Here is a breakdown of how to create an appropriate style for academic and creative writing alike:
- Cut what doesn’t matter.
- Can you say it in a more direct, simplified way?
- Delete any repeating information or words.
- Are you adding too many action words?
- Do away with cliches.
- Add details to avoid being vague.
- Clarity of details is needed, because you do not want to confuse readers.
- The more specific you are, the more value you add to your content.
- Be careful not to make your writing too specific: be aware of the pace of your writing.
- Do not start sentences or paragraphs in the same way.
- Use varying sentence structures.
- Find new ways to present material that will be appealing to readers.
- Do you always write short or long sentences? Use a mixture of short and long sentences.
- Write like you talk, but without the mistakes and in most cases, slang.
- Don’t write like a person using the thesaurus to check to see if one can make words more complicated.
- Check if your writing is enjoyable and personable. Readers do not want to feel like they are reading the writing of a robot.
- Dry writing makes for a bored reader.
- You don’t have to add exclamation marks, but you can show your excitement for your chosen subject within your writing by your tone.
- Go deep into your subject and present what is interesting about it. Readers will find enjoyment in your interest.
A is a bad example, and B is a good example.
Being Concise Examples
A: All things considered, Connecticut’s woodlands are in better shape now than ever before.
B: Connecticut’s woodlands are in better shape now than ever before.
A: Smith College, which was founded in 1871, is the premier all-women’s college in the United States.
B: Founded in 1871, Smith College is the premier all-women’s college in the United States.
Being Specific Examples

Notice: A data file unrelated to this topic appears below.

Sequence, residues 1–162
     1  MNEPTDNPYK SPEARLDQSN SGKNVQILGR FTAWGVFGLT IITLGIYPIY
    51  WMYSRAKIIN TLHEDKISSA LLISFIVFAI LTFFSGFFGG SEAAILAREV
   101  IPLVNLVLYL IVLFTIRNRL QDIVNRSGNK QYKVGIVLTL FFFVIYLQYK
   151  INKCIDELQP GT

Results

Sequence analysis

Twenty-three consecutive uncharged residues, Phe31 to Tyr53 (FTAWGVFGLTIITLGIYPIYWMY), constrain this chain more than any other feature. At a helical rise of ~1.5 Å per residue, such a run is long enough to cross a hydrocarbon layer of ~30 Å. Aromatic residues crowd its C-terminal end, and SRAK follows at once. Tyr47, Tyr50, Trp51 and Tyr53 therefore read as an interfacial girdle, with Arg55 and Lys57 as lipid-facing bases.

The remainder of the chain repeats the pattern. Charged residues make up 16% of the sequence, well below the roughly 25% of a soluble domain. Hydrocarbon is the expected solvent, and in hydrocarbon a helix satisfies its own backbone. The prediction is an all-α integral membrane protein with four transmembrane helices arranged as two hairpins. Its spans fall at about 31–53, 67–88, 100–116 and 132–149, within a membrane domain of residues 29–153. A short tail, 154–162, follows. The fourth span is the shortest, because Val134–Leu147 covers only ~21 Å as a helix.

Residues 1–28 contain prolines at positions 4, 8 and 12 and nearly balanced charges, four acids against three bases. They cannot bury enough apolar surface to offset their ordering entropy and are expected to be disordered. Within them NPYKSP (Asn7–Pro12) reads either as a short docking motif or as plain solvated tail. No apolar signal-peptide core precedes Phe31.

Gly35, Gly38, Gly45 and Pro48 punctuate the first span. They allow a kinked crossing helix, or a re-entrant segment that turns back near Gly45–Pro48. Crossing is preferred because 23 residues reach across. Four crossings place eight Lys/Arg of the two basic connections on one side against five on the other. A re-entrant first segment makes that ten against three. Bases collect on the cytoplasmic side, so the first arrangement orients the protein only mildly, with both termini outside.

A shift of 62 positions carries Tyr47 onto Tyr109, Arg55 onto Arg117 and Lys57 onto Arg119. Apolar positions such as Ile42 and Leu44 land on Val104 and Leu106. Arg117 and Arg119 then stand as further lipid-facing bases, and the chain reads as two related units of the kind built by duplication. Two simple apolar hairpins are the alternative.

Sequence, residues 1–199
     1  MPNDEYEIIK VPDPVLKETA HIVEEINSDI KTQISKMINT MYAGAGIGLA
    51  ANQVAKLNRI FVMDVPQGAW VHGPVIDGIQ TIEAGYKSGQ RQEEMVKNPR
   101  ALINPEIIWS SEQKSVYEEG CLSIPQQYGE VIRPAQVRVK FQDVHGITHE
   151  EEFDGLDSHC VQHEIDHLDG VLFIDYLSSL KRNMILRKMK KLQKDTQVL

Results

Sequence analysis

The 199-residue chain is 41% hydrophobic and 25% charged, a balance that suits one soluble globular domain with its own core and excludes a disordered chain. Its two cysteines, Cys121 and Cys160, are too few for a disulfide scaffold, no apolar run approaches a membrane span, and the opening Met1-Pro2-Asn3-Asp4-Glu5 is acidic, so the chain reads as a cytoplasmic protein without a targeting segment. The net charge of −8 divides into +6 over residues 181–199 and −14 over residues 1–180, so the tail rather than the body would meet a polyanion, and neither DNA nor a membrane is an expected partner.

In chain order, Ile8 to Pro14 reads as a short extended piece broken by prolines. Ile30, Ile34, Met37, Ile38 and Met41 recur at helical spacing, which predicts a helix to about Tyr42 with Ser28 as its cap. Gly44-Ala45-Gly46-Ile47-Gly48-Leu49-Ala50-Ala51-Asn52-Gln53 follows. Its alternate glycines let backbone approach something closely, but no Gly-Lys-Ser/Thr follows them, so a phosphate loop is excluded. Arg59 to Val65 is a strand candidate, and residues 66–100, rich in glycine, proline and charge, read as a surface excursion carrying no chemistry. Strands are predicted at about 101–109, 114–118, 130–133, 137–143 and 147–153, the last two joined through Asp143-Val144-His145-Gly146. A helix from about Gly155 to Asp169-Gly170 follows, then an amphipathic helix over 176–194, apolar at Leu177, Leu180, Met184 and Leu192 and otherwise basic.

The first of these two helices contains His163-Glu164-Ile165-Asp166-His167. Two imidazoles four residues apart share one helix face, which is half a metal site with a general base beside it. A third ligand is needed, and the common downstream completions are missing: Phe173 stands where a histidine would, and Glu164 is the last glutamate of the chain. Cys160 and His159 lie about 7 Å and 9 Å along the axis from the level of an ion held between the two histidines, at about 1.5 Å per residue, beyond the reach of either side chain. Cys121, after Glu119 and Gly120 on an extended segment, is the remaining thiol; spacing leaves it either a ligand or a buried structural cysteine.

A: In the country, people are prosecuted daily.
B: In the United States, black Americans are prosecuted unfairly for crimes on a regular basis.
A: I had a great day, because I shopped.
B: Today, I bought new purple denim jeans from Gap, and they fit my waist well. It’s great to finally find pants that feel snug around my waist.
Being Varied Examples
A: Nick was a good kid. He often walked to home from school. He never turned in his homework late. He was on honor roll.
B: Nick was a good kid: he walked to home from school to get exercise and never turned in his homework late. Not only that, but he was on honor roll.
A: So, genetic mutation is inconsequential compared to God’s will. So, we must rely on our faith.
B: Genetic mutation is inconsequential compared to God’s will—we must rely on our faith.
Being Original Examples
A: By a long shot, he didn’t come up with the right money.
B: He was unable to provide enough money.
A: You shall gather the members to court, and stroll through the thistles.
B: (Come on, we don’t live in the Victorian Era).
Being Passionate Examples
A: The correlating circumstance that brought Anderson to be convicted was his robbery of the state bank.
B: The event that brought Anderson to justice was his poorly-planned robbery of a state bank.
A: I enjoy tennis—more than other sports. There is strategy and accuracy.
B: Tennis is the greatest sport there is, in my opinion. Deep strategy and super accuracy make it an enthralling sport to watch.
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